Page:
Meanwhile, we also learned a bit on Thursday about the dynamics of Trump's two main economic advisers: Director of the National Economic Council Gary Cohn, and Treasury Secretary Steve Mnuchin. Trump very much likes Mnuchin, who is cut from the same New York cloth as The Donald. On the other hand, the leaders of Congress can't stand him, finding Mnuchin to be cocky, ill-informed, and phony. Cohn, by contrast, is in the President's dog house since Cohn criticized Trump's handling of Charlottesville. However, the leaders of Congress like Cohn very much, as he knows what he's talking about, answers their questions honestly, and projects an aura of competence. "He is just a heavyweight in these meetings," said one Republican official, who has been present for some of Cohn's visits to the Hill. Consequently, if there's going to be any progress on changing the tax code, Trump is going to have to keep Cohn around. And the chain of communication is going to be something like Trump to Mnuchin to Cohn to Congress. Not exactly a model of efficiency, but nobody said making America great again would be easy. Well, all right, Donald Trump said it, but he was the only one. (Z)

Why Is Trump Trolling Conservatives?

Donald Trump is no Ted Cruz. Or Jeb Bush. Or Marco Rubio. Or Even Chris Christie. In fact, his recent deals with the Democrats are making conservatives think he's not even a Republican. What's going on here? Chris Cillizza has four theories:

Are any of these theories correct? Who knows, but they are as good as any others floating around. (V),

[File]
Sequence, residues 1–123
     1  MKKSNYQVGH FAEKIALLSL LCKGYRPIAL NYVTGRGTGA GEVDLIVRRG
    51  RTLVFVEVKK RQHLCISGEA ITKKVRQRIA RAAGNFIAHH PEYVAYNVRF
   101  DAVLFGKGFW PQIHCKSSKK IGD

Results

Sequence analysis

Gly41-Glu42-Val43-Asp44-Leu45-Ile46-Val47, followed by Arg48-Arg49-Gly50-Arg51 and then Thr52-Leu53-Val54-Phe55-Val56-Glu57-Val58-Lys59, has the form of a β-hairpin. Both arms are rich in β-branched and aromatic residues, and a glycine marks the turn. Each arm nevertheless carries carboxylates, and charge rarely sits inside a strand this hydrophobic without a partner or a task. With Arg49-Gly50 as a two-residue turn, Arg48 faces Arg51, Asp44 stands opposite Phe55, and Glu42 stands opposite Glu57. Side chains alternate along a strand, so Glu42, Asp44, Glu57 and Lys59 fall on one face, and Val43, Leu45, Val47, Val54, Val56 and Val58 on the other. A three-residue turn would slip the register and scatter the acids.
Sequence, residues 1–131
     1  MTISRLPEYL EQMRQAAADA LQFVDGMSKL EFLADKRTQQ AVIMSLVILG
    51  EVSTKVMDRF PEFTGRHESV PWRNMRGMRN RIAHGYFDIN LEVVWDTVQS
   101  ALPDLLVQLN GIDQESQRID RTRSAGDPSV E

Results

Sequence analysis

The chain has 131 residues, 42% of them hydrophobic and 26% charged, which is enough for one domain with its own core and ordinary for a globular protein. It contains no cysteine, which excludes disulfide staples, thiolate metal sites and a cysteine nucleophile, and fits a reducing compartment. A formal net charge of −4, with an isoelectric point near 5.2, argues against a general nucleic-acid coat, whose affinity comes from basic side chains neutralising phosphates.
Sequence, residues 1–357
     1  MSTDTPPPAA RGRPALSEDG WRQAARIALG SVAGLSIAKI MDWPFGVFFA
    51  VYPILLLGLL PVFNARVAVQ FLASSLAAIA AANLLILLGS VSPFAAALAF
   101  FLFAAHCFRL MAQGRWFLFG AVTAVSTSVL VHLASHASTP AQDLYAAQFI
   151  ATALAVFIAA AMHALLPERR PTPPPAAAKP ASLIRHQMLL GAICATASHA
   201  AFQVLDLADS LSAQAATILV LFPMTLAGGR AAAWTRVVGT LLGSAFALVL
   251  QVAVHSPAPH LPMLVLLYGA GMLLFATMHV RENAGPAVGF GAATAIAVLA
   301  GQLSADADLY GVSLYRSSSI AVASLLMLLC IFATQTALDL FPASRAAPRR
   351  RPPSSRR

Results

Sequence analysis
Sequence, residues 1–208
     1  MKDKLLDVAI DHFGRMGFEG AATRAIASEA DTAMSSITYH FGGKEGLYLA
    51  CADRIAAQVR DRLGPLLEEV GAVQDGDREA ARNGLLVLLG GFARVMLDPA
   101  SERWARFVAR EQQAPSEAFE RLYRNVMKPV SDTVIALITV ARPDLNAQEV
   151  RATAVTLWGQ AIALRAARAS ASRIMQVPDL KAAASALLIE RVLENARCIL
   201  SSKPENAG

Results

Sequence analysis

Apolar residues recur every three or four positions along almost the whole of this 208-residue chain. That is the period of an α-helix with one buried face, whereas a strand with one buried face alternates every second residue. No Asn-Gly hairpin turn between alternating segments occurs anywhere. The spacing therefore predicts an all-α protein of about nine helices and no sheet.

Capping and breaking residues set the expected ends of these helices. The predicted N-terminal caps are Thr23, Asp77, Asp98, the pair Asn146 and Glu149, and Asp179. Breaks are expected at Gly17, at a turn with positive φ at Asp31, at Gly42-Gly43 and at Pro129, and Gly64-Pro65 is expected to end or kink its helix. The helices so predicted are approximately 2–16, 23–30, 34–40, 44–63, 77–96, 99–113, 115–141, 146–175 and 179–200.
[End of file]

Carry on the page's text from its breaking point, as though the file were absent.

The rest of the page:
Trump Still Believes Both Sides in Charlottesville Had Bad Dudes

On the plane back from Florida, where he inspected the damage from Hurricane Irma, Donald Trump talked with reporters. One of them asked about his meeting with Sen. Tim Scott (R-SC), the only black Republican in the Senate. Rather than talk about how much he loves black people in general and Scott in particular, he brought up Charlottesville again and how there were bad dudes on both sides.

It seems increasingly clear that when he originally equated the neo-Nazis with the anti-Nazis, he really meant it. Only when members of his administration forced him to read some words that one of them had written, did he disavow this position. But freed from the tyranny of the teleprompter, he once again made clear that he sees the two sides as at least somewhat equivalent. Why did he do this, given that it will reignite the storm? Clearly because he believes he was right the first time and resents his staff making him retract what he actually believes and read some damn speech to make the media happy. Trump is obsessed with being right, even when it hurts his self interest.

Of course after saying this, Trump got off his plane and promptly signed Congress' joint resolution condemning white supremacy. Another case of being unpredictable (see above)? Does he think that some voters hear what he says, but don't read about what he does? Anything's possible, at this point. (V)

Trump Denounces Sanders' Single-Payer Bill